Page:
1 Introduction
2 Ground Rules

Building a File System
3 File Systems
4 File Content Data Structure
5 Allocation Cluster Manager
6 Exceptions and Emancipation
7 Base Classes, Testing, and More
8 File Meta Data
9 Native File Class
10 Our File System
11 Allocation Table
12 File System Support Code
13 Initializing the File System
14 Contiguous Files
15 Rebuilding the File System
16 Native File System Support Methods
17 Lookups, Wildcards, and Unicode, Oh My
18 Finishing the File System Class

The Init Program
19 Hardware Abstraction and UOS Architecture
20 Init Command Mode
21 Using Our File System
22 Hardware and Device Lists
23 Fun with Stores: Partitions
24 Fun with Stores: RAID
25 Fun with Stores: RAM Disks
26 Init wrap-up

The Executive
27 Overview of The Executive
28 Starting the Kernel
29 The Kernel
30 Making a Store Bootable
31 The MMC
32 The HMC
33 Loading the components
34 Using the File Processor
35 Symbols and the SSC
36 The File Processor and Device Management
37 The File Processor and File System Management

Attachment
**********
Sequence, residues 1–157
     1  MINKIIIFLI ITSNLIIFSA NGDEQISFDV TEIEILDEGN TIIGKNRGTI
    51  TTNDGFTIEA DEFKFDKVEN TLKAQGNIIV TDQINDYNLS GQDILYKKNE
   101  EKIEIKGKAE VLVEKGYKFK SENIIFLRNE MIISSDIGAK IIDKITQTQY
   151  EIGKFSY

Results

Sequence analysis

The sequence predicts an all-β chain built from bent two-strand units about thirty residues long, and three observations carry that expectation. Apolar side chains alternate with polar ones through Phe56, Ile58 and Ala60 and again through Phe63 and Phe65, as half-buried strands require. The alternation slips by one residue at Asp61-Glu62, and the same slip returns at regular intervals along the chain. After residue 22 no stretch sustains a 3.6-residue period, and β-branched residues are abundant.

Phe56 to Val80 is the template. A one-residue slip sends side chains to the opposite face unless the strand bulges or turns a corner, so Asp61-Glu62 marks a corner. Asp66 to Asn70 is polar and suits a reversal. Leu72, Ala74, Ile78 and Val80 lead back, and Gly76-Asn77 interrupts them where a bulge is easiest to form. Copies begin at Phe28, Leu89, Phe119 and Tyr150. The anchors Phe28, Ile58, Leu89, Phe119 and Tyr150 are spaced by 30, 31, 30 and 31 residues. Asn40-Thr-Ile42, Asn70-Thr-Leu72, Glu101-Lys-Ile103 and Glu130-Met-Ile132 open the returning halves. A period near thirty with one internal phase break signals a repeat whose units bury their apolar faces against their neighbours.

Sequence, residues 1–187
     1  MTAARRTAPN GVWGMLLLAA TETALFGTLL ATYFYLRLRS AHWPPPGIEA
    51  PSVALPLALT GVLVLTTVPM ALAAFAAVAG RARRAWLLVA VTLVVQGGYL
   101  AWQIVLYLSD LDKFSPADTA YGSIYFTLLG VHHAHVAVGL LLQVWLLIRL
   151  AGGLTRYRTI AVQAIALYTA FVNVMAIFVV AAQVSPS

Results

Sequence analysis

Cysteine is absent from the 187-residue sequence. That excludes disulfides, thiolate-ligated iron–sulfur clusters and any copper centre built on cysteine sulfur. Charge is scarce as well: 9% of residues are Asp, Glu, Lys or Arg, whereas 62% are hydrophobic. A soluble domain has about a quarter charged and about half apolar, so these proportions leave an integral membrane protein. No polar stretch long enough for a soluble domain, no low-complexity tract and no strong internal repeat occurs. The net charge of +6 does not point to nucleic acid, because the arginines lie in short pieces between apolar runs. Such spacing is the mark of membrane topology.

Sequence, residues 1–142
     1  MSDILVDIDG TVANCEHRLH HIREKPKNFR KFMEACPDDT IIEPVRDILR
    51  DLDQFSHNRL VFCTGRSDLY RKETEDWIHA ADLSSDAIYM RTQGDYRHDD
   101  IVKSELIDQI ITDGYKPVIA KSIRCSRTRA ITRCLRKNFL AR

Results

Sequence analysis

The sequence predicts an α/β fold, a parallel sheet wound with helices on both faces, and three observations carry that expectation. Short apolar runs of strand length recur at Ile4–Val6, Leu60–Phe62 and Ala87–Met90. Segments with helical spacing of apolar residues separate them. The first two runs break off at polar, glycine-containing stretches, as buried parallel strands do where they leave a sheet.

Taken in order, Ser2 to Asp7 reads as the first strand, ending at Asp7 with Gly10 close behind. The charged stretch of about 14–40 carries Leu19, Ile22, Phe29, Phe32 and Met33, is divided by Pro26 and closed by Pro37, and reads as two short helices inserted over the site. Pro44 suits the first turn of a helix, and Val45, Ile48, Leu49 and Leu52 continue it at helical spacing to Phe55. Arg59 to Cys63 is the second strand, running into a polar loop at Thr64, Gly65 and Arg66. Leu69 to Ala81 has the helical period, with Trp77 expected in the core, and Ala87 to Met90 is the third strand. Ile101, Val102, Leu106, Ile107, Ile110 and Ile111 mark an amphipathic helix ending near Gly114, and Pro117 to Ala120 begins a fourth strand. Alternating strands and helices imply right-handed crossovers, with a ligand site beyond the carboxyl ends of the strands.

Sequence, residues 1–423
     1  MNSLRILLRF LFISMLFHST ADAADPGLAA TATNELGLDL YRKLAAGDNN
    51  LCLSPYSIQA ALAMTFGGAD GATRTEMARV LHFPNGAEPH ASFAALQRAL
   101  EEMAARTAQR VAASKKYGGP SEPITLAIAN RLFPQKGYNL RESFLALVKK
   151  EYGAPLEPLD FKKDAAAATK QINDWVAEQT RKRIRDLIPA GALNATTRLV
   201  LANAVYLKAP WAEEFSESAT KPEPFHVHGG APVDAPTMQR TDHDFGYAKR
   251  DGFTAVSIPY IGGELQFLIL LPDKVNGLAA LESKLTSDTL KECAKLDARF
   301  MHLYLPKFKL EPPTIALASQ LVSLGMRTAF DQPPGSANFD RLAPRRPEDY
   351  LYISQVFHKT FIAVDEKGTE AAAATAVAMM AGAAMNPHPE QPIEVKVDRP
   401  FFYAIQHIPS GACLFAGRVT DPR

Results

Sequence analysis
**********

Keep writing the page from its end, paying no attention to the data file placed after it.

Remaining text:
38 Finishing Executive Startup

Users and Security
39 Introduction to Users and Security
40 More Fun With Stores: File Heaps
41 File Heaps, part 2
42 SysUAF
43 TUser
44 SysUAF API

Terminal I/O
45 Shells and UCL
46 UOS API, the Application Side
47 UOS API, the Executive Side
48 I/O Devices
49 Streams
50 Terminal Output Filters
51 The TTerminal Class
52 Handles
53 Putting it All Together
54 Getting Terminal Input
55 QIO
56 Cooking Terminal Input
57 Putting it all together, part 2
58 Quotas and I/O

UCL
59 UCL Basics
60 Symbol Substitution
61 UCL Command execution
62 UCL Command execution, part 2
63 UCL Command Abbreviation
64 ASTs
65 UCL Expressions, Part 1
66 UCL Expressions, Part 2: Support code
67 UCL Expressions, part 3: Parsing
68 SYS_GETJPIW and SYS_TRNLNM
69 UCL Expressions, part 4: Evaluation
70 PROCESS_SCAN

Glossary/Index


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UOS API, The Executive side

In the previous article, we looked at the application side of using the UOS API. Now let's look at the Executive's side. First, we must connect the Kernel to the ring calls. In the Kernel startup, we will tell the HAL to connect all four rings to the Kernel instance. As discussed in the previous articles, ring 0 is always reserved for the executive. The other rings are (or might) be used for other purposes, but the default handler is the Executive. So we will assign all the rings to the Kernel and then if something else is later to be linked to the other rings, those rings will be assigned at that time. Here's the addition to the Kernel Startup routine:

// Hook the ring callbacks...
__HAL.Hook_Ring0( integer( @CB_Ring0 ) ) ;
__HAL.Hook_Ring1( integer( @CB_Ring1 ) ) ;
__HAL.Hook_Ring2( integer( @CB_Ring2 ) ) ;